CHIEF executives of companies around the world have expressed increased pessimism about global economic growth in the year ahead, a survey has shown.
Only 27 per cent of the 1,409 CEOs from 83 countries polled expected the world economy to improve this year, compared to 37 per cent last year, and 44 per cent in 2014.
At the same time, the proportion of CEOs who thought the global economy would decline has increased. Some 23 per cent said growth would decline, versus 17 per cent last year and 7 per cent in 2014.
These results were detailed in the 19th Annual Global CEO Survey released by PricewaterhouseCoopers on the eve of the annual World Economic Forum in Davos, Switzerland, as top corporate representatives, politicians, academics and journalists gather to discuss global issues amid a deepening oil and commodities price rout and China's economic results shakes global confidence.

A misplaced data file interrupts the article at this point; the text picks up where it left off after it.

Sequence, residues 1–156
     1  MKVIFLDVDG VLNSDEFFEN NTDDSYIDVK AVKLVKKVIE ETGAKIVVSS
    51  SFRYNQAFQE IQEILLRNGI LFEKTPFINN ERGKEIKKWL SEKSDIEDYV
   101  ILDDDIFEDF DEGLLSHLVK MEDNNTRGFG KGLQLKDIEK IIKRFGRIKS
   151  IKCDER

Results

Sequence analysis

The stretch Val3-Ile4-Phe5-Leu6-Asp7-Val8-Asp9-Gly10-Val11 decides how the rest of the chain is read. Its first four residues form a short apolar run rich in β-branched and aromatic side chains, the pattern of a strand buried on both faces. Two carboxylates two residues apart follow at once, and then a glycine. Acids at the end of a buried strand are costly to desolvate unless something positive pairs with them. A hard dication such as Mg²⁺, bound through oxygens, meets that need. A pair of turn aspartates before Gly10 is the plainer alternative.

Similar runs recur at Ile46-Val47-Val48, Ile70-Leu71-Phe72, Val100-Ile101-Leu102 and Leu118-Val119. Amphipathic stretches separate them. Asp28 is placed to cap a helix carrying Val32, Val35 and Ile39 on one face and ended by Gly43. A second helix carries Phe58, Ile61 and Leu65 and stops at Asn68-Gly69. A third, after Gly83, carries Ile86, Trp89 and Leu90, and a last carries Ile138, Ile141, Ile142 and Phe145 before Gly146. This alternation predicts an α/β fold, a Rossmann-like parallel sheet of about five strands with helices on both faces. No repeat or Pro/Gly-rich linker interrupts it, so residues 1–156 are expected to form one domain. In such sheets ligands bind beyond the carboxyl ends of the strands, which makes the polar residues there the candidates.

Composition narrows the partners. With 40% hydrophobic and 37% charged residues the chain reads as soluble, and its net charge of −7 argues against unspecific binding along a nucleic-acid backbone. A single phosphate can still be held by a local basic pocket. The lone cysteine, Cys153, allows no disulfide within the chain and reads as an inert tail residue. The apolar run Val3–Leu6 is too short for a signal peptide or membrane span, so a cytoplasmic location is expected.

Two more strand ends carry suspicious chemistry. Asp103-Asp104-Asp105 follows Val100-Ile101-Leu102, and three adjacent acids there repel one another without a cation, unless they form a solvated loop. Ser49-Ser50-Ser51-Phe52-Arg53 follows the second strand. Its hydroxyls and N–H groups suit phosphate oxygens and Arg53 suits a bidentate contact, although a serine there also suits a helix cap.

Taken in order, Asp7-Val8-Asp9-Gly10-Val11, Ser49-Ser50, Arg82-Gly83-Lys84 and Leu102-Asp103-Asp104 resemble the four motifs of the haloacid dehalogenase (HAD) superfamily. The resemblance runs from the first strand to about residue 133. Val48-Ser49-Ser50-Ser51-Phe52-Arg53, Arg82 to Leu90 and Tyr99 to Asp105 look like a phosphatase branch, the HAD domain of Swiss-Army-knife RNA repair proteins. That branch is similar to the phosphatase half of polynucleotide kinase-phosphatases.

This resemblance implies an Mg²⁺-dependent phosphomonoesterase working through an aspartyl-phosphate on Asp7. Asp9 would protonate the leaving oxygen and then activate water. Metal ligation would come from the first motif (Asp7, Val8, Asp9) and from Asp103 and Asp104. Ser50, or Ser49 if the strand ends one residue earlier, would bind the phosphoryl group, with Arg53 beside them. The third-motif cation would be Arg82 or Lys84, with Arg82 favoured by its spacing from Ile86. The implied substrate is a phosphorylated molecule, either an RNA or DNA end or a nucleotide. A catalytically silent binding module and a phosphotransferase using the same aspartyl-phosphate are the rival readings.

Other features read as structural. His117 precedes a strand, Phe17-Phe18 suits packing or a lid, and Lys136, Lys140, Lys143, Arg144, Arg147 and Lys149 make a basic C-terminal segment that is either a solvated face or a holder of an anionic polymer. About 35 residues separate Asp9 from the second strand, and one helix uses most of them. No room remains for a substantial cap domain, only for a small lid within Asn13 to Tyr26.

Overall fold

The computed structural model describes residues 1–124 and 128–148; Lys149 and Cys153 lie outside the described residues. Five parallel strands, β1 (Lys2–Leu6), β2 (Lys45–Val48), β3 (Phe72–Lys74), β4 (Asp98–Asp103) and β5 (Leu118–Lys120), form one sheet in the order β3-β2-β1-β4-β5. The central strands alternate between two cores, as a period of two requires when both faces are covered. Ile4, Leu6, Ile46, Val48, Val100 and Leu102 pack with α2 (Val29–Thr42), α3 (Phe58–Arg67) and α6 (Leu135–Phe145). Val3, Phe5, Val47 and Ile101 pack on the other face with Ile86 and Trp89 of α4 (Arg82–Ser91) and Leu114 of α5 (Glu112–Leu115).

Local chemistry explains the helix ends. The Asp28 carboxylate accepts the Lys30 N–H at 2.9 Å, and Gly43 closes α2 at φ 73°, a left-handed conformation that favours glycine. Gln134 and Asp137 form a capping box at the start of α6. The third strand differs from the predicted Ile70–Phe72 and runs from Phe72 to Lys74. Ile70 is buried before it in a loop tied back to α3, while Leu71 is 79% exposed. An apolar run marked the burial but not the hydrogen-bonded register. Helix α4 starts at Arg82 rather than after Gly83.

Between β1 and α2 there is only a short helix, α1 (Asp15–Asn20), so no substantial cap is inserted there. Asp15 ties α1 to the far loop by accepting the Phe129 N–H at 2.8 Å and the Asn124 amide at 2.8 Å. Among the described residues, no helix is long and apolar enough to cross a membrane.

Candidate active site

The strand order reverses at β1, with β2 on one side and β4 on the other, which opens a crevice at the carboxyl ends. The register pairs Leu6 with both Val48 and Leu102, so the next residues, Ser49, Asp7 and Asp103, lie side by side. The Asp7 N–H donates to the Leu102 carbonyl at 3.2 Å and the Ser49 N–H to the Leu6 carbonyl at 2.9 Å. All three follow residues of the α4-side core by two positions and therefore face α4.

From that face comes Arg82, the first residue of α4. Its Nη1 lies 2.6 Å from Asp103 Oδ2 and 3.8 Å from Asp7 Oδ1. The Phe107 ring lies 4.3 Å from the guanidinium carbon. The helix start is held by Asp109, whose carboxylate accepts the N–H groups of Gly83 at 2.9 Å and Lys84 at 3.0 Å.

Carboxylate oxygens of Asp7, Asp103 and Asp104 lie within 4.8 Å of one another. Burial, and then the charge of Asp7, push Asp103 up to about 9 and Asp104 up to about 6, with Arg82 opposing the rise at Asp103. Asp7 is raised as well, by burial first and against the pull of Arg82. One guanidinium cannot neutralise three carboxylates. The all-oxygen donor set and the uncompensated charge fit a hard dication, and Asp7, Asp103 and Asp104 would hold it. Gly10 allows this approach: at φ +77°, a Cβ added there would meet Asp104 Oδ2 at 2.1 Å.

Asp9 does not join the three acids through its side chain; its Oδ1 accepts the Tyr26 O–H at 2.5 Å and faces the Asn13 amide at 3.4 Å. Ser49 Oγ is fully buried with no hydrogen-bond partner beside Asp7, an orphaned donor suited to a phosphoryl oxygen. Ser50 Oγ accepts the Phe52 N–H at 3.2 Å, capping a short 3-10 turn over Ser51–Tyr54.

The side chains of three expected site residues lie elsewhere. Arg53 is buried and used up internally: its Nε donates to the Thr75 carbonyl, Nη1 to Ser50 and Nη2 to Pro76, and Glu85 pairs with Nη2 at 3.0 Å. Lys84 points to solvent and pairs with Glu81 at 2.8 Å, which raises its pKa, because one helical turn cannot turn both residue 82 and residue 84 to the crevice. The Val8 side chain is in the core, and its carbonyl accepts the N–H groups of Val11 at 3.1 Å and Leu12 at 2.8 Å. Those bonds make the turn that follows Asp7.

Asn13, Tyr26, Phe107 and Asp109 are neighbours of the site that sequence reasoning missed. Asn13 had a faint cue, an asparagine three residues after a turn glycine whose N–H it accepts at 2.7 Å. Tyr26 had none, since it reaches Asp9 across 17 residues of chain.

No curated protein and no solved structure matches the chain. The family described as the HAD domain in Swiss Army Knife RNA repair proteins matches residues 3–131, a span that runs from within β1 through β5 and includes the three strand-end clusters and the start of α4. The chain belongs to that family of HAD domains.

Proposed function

Said Dennis Nally, PwC's global chairman: "There's no question that business leaders' confidence in both the global economy and their own company growth prospects has taken a knock."
Close to two thirds of those polled also said that they expect to see their revenues shrinking. Only 35 per cent said revenues would grow, compared to 39 per cent last year. CEOs in India were the most optimistic among them, with confidence levels reaching 64 per cent. Those in China were one of the most pessimistic, with only 24 per cent expressing confidence. Only 33 per cent of CEOs in America and the European Union were upbeat.
Over-regulation was cited as CEOs' top-most concerns, with 79 per cent expressing worries about it. Geopolitical risks were the second, at 74 per cent, and exchange rate volatility came in third, at 73 per cent.